Leopard Gecko Care Sheet
Common Name: Leopard Gecko
Scientific Name: Eublepharis Macularius
Leopard geckos enjoy their privacy and can be seen mostly active in the night. With that being said, what you house your leopard gecko in should include enough space to walk as well as a hide to stay in during the day. For those interested in an aquarium type tank, 10 gallons is enough for one leopard gecko. Please note that hatchlings can measure around 3 to 4 inches in length and adults can be significantly longer with females growing to about 7 – 8 inches and males around 8 to 10 inches. Those of the giant line can be as long as 12 inches. If you plan to have a number of leopard geckos, we recommend buying a rack system where you can have many tubs to house your leopard geckos in. There are many companies that sell rack systems for reptiles. If you need more info on this, please feel free to contact me. With reference to the hide, I simply bought a couple Tupperware containers with a top, which I cut a hole in so they can go inside. Inside the hide, I put eco-earth substrate so that I can increase the moisture as well as provide something for the females to bury their eggs in.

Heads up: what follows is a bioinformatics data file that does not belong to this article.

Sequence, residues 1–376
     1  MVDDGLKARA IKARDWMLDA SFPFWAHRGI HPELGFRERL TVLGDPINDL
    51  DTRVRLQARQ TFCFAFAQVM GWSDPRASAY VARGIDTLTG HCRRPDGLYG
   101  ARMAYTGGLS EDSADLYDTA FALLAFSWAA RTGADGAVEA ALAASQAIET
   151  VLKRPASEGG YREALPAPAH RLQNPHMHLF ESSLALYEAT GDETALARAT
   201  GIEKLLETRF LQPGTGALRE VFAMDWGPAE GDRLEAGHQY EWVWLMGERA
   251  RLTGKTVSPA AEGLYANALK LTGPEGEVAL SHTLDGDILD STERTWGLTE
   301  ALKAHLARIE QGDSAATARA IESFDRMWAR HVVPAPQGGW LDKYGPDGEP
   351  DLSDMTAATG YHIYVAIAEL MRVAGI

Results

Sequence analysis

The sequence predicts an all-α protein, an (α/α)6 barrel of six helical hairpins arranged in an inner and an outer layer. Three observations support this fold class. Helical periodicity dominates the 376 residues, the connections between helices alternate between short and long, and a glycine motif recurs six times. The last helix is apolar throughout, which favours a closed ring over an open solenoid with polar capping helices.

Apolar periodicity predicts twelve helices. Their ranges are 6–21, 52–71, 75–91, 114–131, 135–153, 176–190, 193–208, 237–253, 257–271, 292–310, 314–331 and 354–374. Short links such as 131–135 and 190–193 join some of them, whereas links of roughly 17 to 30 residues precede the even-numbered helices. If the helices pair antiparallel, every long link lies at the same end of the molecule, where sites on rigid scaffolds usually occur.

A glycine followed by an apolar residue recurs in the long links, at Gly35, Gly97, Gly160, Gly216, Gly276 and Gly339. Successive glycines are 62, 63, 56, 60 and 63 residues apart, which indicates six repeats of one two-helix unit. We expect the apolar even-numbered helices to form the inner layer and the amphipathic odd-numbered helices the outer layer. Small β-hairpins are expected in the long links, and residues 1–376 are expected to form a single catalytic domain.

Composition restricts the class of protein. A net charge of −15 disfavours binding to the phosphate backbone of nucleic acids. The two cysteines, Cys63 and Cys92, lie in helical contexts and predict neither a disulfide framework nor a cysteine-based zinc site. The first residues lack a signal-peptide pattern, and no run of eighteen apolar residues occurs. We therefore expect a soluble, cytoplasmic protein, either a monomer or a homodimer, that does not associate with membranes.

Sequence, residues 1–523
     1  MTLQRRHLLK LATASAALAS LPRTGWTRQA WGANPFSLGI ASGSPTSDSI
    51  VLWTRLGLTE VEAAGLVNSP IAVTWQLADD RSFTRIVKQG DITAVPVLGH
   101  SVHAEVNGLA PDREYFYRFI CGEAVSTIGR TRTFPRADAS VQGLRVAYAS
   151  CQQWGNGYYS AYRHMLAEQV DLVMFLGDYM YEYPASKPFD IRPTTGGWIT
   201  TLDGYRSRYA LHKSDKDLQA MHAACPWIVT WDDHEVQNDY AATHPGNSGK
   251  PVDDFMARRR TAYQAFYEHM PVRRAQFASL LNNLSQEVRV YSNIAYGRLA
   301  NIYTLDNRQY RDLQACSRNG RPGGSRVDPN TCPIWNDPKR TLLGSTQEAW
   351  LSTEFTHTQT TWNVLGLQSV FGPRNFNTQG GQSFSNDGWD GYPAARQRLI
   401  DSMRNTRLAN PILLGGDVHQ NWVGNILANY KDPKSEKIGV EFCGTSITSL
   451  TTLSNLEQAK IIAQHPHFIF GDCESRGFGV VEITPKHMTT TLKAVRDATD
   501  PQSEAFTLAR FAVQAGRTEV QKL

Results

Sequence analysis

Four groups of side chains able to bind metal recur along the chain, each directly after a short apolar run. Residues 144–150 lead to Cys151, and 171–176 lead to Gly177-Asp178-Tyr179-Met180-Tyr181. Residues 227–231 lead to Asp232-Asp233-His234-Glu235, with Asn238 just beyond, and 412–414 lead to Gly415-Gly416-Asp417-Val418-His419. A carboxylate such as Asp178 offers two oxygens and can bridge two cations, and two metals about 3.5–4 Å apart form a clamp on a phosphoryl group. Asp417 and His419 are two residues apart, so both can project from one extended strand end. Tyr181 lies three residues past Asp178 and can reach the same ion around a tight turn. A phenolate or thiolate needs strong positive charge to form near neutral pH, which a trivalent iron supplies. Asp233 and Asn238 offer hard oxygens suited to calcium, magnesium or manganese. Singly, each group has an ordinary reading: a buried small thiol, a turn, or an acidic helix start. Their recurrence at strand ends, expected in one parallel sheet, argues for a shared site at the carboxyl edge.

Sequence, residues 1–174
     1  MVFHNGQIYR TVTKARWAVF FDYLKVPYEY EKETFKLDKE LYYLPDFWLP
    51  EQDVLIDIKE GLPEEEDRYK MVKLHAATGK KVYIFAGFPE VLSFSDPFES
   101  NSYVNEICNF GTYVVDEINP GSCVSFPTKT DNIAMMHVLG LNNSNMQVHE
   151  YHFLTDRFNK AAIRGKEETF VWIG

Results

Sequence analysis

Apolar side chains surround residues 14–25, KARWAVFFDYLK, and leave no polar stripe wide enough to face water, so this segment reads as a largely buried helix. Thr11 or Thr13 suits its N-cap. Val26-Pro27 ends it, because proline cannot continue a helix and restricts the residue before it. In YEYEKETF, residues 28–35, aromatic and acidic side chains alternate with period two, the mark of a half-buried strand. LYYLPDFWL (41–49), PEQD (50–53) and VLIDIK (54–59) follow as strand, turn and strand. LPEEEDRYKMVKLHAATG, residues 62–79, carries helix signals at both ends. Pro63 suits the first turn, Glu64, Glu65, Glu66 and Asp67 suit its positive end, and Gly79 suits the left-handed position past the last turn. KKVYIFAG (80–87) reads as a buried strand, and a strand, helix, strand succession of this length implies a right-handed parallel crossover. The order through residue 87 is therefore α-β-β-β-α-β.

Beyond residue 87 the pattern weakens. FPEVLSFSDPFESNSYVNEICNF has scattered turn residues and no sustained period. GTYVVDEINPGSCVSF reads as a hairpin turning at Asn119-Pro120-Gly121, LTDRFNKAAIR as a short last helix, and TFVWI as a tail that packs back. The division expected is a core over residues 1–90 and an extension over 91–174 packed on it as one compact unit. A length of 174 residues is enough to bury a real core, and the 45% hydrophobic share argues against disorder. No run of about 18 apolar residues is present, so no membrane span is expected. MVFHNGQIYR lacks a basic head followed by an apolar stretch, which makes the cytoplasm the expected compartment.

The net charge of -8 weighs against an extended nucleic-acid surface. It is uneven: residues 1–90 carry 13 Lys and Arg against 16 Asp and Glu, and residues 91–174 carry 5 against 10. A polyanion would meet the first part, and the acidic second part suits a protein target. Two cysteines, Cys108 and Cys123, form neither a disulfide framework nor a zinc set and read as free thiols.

The enclosure should provide a hot and cool end where the leopard gecko can thermo-regulate. The hot end, which is usually heated via an under tank heater or heat lamp should be 90 to 92 degree F. Some breeders keep their hot end even higher but generally do not exceed 100 degrees F. The cool end will typically be the ambient temperature of the room the enclosure is in. The cool end temperature should be roughly 75 to 85 degrees F with the nighttime temps being slightly cooler than the daytime temp.
Maintaining proper temperatures for your leopard gecko is extremely important to their health. Failure to control proper temperatures can lead to illness and eventually the death of your leopard gecko. It is important to establish these temperatures in its enclosure prior to purchasing your new leopard gecko.
For breeding purposes, leopard geckos are often put through a cooling cycle which exposes the breeders to high 60’s low 70 degrees F. This period of cooling will last about four weeks before temps are raised again to the normal range.
Leopard geckos require humidity levels that are typically between 35% and 45%. If the humidity goes below or above this range for long periods of time, you increase the risk of stress and certain illnesses that come with having too much moisture or too little.